On December 11th, 2017, a 15-year probationary period of China’s entry into the WTO was concluded. Now, several Latin American countries can opt to rescind their recognition of China as a market economy. The distinction is an important one for such recognition by a 2nd country obliges them to work through the bureaucratic machinery of the WTO to counter any dumping by the other market economy, i.e. China. Ever since Premier Hu Jintao charmed the market economy recognition out of LatAm leaders in 2006 in exchange for increases in FDI and trade, many in Latin America have regretted the decision. Each year, Chinese products flood Latin America, displacing local brands and other international brands that manufacture in the region. In Mexico, savvy entrepreneurs import products from Chinese factories using Alibaba and then resell on Mercado Libre at double the price. Despite hefty tariffs and terrible logistical delays, Latin Americans go out of their way to save money by purchasing Chinese products. Today, Chinese brands command anywhere from 7-20% share of Andean car markets. Chinese transition from maquiladora to ownership of global brands is driving the need to penetrate middle income markets starting with Latin America.
While elections tend to inject additional resources to the economy, political campaign battles create a lot of noise and a negative sentiment among consumers. A good practice is to monitor consumer sentiment and brand affinity with consumers to adapt messaging if necessary and to build bonding and empathy.
Latin Americans are the most obese people on the planet, with Mexico ranked the most obese nation on earth. This startling fact has prompted a political backlash against soft drink producers who have traditionally enjoyed above global average penetration of the LatAm beverage market. Mexico introduced a Sugar or Obesity tax in 2014, increasing consumer product pricing by 12% and changing labelling rules. A new report from Euromonitor International shows that 19 countries have introduced what it called “sin taxes” on food and drinks and more will follow suit the near future, with the aim of reducing sugar consumption by 20% in line with guidance from the World Health Organization. Beverage producers have little choice but to play along, but are not thrilled by the new challenge in LatAm, their most prized world market outside the U.S.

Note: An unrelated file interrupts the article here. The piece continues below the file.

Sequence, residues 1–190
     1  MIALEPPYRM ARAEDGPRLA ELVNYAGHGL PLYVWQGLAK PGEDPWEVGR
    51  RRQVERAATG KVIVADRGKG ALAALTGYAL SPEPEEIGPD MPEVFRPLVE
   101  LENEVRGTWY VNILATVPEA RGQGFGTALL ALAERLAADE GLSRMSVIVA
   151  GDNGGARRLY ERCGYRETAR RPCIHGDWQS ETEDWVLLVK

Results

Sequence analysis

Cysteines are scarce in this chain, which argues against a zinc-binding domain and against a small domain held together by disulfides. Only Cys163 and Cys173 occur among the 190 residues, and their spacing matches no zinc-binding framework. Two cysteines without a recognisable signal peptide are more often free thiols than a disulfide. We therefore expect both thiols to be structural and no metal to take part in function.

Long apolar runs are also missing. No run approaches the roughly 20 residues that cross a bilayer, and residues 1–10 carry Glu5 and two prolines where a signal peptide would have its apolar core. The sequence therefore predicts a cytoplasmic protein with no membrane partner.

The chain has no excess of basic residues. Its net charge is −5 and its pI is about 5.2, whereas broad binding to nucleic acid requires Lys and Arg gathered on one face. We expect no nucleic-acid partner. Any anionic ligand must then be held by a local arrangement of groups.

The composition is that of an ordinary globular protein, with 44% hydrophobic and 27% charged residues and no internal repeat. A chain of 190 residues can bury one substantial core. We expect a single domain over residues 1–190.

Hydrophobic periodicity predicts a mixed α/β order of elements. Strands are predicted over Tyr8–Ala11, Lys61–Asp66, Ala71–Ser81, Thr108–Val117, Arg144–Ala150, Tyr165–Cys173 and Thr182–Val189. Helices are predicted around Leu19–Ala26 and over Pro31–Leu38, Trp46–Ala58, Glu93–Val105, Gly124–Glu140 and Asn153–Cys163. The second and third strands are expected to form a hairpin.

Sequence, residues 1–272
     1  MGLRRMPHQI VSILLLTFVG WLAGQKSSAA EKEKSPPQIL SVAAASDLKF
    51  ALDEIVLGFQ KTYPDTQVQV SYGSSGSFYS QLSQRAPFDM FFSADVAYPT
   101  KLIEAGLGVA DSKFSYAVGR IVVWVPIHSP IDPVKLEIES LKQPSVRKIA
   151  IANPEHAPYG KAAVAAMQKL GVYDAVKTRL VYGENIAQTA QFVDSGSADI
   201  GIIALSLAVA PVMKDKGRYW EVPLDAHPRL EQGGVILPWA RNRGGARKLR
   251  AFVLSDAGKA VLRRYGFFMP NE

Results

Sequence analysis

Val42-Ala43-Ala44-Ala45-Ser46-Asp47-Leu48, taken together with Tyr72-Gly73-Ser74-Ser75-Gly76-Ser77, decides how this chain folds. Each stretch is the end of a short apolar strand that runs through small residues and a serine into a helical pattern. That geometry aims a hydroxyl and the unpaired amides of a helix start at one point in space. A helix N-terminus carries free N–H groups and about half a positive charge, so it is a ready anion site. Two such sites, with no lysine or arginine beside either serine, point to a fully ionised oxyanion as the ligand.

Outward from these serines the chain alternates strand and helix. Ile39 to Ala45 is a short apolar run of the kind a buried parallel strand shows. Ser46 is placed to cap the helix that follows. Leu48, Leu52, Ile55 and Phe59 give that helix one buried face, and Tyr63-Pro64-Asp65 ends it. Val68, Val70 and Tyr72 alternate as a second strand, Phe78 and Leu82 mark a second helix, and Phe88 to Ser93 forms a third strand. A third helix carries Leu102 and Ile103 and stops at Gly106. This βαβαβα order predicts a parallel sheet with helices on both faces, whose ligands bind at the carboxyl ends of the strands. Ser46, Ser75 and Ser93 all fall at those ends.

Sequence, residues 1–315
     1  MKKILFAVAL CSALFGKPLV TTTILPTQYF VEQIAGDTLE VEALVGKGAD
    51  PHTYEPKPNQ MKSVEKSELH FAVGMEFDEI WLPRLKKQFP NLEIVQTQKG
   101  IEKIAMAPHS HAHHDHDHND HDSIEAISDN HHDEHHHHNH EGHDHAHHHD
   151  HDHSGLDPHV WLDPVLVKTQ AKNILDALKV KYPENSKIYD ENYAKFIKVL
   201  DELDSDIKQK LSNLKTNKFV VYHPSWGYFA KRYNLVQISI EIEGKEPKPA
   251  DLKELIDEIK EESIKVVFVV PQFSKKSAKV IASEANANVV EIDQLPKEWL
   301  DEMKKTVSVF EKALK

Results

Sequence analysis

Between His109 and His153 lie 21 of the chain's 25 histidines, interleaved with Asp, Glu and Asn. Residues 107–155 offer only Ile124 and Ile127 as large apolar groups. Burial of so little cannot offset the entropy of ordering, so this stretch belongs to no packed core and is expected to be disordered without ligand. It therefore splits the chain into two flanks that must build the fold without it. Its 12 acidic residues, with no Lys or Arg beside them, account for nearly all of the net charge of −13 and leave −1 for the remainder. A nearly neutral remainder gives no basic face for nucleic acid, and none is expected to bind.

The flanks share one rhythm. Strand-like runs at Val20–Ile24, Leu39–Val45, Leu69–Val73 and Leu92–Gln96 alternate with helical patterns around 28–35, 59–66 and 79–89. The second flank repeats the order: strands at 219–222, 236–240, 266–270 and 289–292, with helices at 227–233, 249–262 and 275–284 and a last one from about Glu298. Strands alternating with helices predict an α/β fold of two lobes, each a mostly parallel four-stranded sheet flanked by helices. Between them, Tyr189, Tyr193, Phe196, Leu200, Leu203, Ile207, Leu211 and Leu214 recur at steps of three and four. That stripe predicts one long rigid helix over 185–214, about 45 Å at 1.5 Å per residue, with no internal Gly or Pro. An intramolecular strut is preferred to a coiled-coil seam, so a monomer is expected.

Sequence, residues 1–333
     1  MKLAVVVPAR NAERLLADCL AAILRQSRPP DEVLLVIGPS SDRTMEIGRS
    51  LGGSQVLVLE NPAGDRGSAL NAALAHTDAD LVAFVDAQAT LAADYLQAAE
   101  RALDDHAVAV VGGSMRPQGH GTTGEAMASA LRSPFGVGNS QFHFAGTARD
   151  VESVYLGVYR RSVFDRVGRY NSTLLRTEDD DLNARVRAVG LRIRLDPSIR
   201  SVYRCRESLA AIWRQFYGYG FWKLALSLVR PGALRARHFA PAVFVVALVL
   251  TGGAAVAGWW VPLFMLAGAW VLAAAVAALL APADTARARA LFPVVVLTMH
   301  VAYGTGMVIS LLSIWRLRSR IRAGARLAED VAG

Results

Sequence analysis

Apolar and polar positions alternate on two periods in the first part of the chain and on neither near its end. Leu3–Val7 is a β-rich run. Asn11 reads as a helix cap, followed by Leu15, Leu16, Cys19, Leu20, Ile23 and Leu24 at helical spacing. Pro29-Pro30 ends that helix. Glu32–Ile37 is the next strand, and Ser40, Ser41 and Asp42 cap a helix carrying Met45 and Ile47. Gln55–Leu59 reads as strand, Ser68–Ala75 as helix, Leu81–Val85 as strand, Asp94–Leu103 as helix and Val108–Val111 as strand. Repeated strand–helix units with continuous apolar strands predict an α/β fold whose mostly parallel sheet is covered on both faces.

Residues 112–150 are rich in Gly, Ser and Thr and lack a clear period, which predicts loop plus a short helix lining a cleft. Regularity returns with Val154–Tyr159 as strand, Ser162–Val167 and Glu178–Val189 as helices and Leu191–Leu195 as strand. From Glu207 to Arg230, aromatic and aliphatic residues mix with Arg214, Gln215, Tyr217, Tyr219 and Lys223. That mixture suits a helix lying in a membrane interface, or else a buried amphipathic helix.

Latin America has evolved rapidly in no small way due to trade agreements signed with partners all over the world. But today, the specter of protectionism has resurfaced in the US, parts of Europe as well as important emerging markets. The law firm Gowling published a study in November 2017 that ranked countries that have passed more anti-trade regulatory measures versus pro-trade measures since the financial crisis in 2009. The top 10 list (led by the US) included India, Argentina, Russia and Japan.
Latin America has been positively contrasted to the U.S. and Europe as a safely pro-trade region. However, globalization has proven more displacing of manufacturers and farmers in Latin America than it ever was in the USA. The technocrats in power may be free trade enthusiasts but Latin voters are less sanguine about globalization. AMLO is the leading candidate in Mexico’s July 2018 Presidential election and has cleverly positioned himself as the anti-Trump candidate. An ugly NAFTA divorce could launch AMLO to power and an era of creeping protectionism in Mexico. Brazil’s election campaign also casts doubts about the country’s trade policy future. Lula may now be out of the race but some of the country’s strongest contenders: Marina Silva (left) and Bolsonaro (right) are both of protectionist bent. The election of populists in either Mexico or Brazil will shake investor and consumer confidence, just as the region is regaining some positive traction.